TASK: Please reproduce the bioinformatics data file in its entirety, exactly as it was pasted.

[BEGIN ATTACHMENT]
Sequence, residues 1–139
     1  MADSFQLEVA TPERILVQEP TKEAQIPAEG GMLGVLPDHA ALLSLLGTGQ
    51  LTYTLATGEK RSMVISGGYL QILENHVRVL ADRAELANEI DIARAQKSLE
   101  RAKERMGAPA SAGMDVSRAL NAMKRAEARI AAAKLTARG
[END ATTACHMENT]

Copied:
Sequence, residues 1–139
     1  MADSFQLEVA TPERILVQEP TKEAQIPAEG GMLGVLPDHA ALLSLLGTGQ
    51  LTYTLATGEK RSMVISGGYL QILENHVRVL ADRAELANEI DIARAQKSLE
   101  RAKERMGAPA SAGMDVSRAL NAMKRAEARI AAAKLTARG